The World Today for March 18, 2016

March 18, 2016


Brazil: Lula Or Bust

For Brazil’s beleaguered president, it’s Lula or bust.

Supporters of President Dilma Rousseff and her predecessor, Luiz Inacio Lula da Silva, plan to throng the streets across Brazil Friday.

The first show of strength from their backers, it’s an answer to Sunday's enormous – and colorful – protests calling for Rousseff’s resignation. But as tensions mount and chaos deepens, what's next?

This is anyone's guess – the situation has been anything but predictable.

For example, on Thursday, Rousseff did the unthinkable: She appointed her former boss as her chief of staff in a bid to save Lula from jail – he's facing “preventive arrest” by prosecutors investigating alleged kickbacks totaling billions of dollars at the state-run oil giant Petrobras.

Tens of thousands of protesters took to the streets Thursday in protest. They were also incensed by the release of a secretly recorded telephone conversation in which the two politicians discussed plans to influence the investigation.

Then, shortly after Lula was sworn in, a federal judge slapped an injunction to block his nomination. Meanwhile, lawmakers convened a 65-member committee to consider rebooting impeachment proceedings against Rousseff: She is accused of dipping into the coffers of state-owned companies to make the government’s balance sheet look better during her election campaign.

Now, what happens depends on how many supporters the once wildly popular politician — known by a single name, like a soccer star — can still rally to his banner.

“Whether the committee leans for or against Dilma will depend very much on what happens on the streets,” Lucas de Aragao, a partner at the political risk and public affairs consultancy Arko Advice, told the Guardian.

Lula is credited with the social welfare programs that alleviated the worst harms of poverty in Brazil through cash payments for the poor. On his watch — Lula was president from 2003 to 2010, then hand-picked Rousseff, who was his chief of staff, to succeed him — some 30 million Brazilians were lifted out of poverty.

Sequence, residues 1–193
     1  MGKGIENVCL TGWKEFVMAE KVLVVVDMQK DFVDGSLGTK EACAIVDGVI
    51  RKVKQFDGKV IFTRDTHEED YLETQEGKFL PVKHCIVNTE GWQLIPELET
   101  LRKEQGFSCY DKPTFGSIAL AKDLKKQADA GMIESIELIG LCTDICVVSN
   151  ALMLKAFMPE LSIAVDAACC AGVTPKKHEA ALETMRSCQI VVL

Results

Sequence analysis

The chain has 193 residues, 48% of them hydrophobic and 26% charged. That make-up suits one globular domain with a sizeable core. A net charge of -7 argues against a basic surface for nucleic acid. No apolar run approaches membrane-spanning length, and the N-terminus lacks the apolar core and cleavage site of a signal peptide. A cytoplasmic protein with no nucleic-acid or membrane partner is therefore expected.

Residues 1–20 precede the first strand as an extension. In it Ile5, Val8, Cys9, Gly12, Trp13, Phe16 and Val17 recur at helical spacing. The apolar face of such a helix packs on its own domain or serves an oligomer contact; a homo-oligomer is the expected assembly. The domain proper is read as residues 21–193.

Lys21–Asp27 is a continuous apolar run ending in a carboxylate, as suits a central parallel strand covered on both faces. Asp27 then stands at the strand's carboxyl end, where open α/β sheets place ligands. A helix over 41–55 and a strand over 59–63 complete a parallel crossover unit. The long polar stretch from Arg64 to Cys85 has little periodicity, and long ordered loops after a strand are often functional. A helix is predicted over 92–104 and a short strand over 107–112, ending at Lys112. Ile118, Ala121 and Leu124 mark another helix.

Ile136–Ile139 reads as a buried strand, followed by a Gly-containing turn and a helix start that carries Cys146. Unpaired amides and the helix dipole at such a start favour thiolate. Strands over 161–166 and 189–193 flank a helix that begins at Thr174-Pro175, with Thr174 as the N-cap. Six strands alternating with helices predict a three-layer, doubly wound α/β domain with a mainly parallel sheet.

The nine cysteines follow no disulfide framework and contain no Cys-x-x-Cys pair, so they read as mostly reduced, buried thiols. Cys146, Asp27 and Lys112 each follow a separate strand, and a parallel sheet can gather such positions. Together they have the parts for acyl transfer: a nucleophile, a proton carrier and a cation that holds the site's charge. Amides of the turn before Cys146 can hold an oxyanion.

But the collapse of commodity prices has unraveled that yarn, driving the economy into recession and pushing unemployment to a three-year high in 2015. And Lula’s stature as hero of the poor has been tarnished by allegations that he received a luxury apartment and a beach house as bribes from executives involved in the Petrobras scam.

Today is a test for the two politicians. But it is also a gauge of public opinion: Are Brazilians nostalgic for the good old days? Or fed up to the point of no return?

Stay tuned.


North Korea's Dictator: Playing with Toys Again

North Korea’s strange and terrifying dictator just thumbed his nose at those trying to prevent nuclear Armageddon.

That’s what he does.

North Korean leader Kim Jung Un defied the United Nations once again by firing a medium-range ballistic missile into the sea early Friday.

The test comes in the wake of tougher sanctions from the UN on Kim’s already isolated regime for testing what was purported to be a Hydrogen bomb earlier this year, which he snubbed by ordering to his military commanders to conduct additional nuclear tests last week.

North Korea is working on re-entry technology – required to bring a nuclear warhead back into the earth’s atmosphere above its target. But most likely this launch was intended to show Seoul and Washington Kim’s not caving in anytime soon, perhaps because Beijing is not ready to cut off its supply of coal.